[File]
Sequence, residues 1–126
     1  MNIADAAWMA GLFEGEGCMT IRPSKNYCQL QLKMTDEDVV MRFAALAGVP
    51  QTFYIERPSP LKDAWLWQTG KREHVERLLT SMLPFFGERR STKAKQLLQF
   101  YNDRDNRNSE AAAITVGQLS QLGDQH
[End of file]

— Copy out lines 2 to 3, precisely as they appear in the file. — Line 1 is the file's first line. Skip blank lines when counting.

     1  MNIADAAWMA GLFEGEGCMT IRPSKNYCQL QLKMTDEDVV MRFAALAGVP
    51  QTFYIERPSP LKDAWLWQTG KREHVERLLT SMLPFFGERR STKAKQLLQF